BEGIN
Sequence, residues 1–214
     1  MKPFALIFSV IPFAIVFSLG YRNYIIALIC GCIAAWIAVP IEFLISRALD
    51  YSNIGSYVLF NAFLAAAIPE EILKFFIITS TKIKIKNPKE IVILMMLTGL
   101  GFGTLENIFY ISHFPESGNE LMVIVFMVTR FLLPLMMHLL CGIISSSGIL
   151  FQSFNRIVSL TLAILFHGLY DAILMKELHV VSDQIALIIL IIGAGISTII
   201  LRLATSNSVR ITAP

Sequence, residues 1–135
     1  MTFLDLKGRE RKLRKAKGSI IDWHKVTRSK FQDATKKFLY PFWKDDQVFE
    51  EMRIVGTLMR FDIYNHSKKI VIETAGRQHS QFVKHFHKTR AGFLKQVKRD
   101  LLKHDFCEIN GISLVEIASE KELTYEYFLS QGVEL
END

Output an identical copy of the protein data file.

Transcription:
Sequence, residues 1–214
     1  MKPFALIFSV IPFAIVFSLG YRNYIIALIC GCIAAWIAVP IEFLISRALD
    51  YSNIGSYVLF NAFLAAAIPE EILKFFIITS TKIKIKNPKE IVILMMLTGL
   101  GFGTLENIFY ISHFPESGNE LMVIVFMVTR FLLPLMMHLL CGIISSSGIL
   151  FQSFNRIVSL TLAILFHGLY DAILMKELHV VSDQIALIIL IIGAGISTII
   201  LRLATSNSVR ITAP

Sequence, residues 1–135
     1  MTFLDLKGRE RKLRKAKGSI IDWHKVTRSK FQDATKKFLY PFWKDDQVFE
    51  EMRIVGTLMR FDIYNHSKKI VIETAGRQHS QFVKHFHKTR AGFLKQVKRD
   101  LLKHDFCEIN GISLVEIASE KELTYEYFLS QGVEL